When we hear our phone go off and see an unknown number, we're not very likely to answer, but that habit is creating some issues for contact tracers.
People are hired to get in touch with anyone who's been in contact with someone who has been diagnosed with COVID-19.
With people not answering calls from contact tracers, controlling the coronavirus becomes more difficult.
But it doesn't mean contact tracers give up.
“In some cases, when contact tracers call someone, and that person is uncomfortable talking to them on the phone, in some counties, they will actually send someone to that person's home to conduct an in-person interview, if they're more comfortable doing that,” said Steve Waters, founder and CEO of CONTRACE.
Even when contact tracers do manage to get someone on the phone, it can be difficult to get information from them. This is a result of all the spam calls trying to scam people.
That's why contact tracers say it's all about establishing trust in that cold call.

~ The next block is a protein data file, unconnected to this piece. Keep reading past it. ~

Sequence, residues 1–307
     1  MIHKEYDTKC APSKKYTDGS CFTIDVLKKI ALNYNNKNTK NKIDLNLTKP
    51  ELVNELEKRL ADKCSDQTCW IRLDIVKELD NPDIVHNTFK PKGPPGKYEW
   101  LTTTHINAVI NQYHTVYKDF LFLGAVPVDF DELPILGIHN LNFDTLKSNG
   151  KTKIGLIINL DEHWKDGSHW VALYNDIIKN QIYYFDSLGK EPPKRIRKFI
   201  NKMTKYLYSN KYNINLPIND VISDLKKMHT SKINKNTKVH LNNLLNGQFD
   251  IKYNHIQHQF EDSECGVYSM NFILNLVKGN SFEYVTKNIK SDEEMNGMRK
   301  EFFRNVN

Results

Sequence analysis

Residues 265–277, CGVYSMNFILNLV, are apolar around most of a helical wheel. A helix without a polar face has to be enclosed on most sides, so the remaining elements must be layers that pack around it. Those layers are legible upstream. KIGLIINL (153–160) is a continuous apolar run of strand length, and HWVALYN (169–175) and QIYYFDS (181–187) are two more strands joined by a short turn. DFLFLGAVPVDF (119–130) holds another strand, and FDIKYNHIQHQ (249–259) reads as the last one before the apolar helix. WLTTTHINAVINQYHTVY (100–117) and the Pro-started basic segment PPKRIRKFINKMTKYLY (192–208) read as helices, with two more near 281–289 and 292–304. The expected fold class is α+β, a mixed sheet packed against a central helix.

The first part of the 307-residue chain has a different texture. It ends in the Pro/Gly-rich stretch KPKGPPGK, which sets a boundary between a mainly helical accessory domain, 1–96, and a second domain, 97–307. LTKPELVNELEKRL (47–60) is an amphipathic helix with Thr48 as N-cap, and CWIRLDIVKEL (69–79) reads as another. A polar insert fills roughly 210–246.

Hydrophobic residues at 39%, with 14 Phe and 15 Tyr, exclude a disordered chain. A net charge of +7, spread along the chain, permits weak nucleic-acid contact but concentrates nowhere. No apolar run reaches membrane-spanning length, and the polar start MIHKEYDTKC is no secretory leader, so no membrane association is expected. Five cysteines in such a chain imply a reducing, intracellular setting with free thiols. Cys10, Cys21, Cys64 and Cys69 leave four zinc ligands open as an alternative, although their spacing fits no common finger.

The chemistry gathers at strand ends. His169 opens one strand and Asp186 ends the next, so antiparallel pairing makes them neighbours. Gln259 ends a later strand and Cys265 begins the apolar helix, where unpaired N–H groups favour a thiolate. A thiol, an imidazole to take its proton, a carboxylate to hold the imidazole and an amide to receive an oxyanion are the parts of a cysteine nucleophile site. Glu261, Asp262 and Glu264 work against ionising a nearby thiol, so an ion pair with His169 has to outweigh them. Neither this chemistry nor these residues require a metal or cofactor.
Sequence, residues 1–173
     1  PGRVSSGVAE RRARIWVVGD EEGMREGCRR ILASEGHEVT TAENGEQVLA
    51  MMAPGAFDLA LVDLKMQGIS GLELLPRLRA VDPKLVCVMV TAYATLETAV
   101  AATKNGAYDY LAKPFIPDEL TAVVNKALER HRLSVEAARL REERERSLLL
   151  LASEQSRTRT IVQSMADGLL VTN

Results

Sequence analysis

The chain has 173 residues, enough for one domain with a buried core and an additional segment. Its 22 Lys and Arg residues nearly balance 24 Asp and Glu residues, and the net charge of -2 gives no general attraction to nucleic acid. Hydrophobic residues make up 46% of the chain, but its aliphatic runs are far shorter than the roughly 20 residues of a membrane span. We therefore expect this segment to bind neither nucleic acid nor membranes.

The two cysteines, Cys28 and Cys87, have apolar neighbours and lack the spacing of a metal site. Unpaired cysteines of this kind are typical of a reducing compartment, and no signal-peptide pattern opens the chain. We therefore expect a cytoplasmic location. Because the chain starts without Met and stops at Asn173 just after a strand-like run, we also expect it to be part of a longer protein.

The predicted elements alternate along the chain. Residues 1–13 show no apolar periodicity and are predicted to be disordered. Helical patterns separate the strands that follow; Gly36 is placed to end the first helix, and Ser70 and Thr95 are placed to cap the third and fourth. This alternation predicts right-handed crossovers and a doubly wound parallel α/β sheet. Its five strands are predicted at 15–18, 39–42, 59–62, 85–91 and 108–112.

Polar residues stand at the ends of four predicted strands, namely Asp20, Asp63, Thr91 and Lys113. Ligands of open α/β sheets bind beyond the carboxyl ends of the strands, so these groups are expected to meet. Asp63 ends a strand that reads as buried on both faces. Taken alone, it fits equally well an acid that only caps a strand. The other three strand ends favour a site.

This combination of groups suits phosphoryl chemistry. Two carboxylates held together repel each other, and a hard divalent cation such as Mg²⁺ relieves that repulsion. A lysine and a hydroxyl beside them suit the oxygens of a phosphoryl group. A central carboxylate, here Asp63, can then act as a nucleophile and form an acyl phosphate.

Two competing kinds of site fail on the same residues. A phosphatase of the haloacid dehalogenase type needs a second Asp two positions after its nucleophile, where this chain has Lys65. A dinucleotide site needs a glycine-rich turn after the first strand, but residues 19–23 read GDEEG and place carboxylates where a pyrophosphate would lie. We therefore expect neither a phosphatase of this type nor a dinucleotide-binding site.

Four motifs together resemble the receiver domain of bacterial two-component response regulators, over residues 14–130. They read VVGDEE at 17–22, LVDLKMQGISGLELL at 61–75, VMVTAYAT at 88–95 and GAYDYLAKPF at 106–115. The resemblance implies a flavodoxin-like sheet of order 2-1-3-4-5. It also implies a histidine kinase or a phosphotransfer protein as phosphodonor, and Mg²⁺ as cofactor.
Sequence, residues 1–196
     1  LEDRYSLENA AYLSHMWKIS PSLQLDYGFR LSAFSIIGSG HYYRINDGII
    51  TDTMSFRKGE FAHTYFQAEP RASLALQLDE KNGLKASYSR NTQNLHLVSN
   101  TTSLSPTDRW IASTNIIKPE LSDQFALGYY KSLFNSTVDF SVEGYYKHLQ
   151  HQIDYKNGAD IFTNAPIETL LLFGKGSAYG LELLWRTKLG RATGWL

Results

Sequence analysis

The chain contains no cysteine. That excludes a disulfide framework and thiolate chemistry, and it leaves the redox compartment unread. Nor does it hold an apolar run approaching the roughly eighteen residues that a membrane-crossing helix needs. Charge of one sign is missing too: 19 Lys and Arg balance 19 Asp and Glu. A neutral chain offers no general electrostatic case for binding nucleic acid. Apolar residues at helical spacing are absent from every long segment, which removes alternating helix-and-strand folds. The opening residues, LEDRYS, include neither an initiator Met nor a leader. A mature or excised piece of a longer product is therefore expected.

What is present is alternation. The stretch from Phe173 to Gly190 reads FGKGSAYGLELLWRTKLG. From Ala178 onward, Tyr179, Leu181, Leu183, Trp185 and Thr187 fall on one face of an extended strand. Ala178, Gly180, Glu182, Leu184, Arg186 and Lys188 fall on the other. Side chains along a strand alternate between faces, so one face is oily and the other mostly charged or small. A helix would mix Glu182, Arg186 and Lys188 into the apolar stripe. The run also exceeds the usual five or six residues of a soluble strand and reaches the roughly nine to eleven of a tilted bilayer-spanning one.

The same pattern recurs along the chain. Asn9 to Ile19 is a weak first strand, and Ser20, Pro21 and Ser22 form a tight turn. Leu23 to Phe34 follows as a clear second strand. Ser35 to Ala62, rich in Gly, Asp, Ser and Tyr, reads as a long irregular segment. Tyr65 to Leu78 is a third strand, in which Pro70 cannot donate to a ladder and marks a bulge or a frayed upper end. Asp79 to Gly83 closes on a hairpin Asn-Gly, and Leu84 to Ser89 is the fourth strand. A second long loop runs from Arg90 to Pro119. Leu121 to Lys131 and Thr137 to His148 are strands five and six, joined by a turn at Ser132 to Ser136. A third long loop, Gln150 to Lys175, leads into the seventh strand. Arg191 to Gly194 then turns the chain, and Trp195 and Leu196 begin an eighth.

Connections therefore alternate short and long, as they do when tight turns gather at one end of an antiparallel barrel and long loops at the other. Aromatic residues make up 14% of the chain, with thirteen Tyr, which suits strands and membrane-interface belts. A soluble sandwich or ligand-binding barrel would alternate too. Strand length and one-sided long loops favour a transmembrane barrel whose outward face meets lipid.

“If you have a cultural understanding of the people that you are calling, that goes a long way to begin with,” said Waters. “I think you are more likely to be trusting of someone who has the demeanor and cultural understanding of your region, than somewhere across the country.”
CONTRACE was founded when coronavirus cases started popping up in the U.S. It helps public and private groups with contact tracing efforts.
The group encourages every state and local government to work with phone providers to help people know that calls are coming from contact tracers.
Ideally, the call would be identified as the local health department or contact tracing program.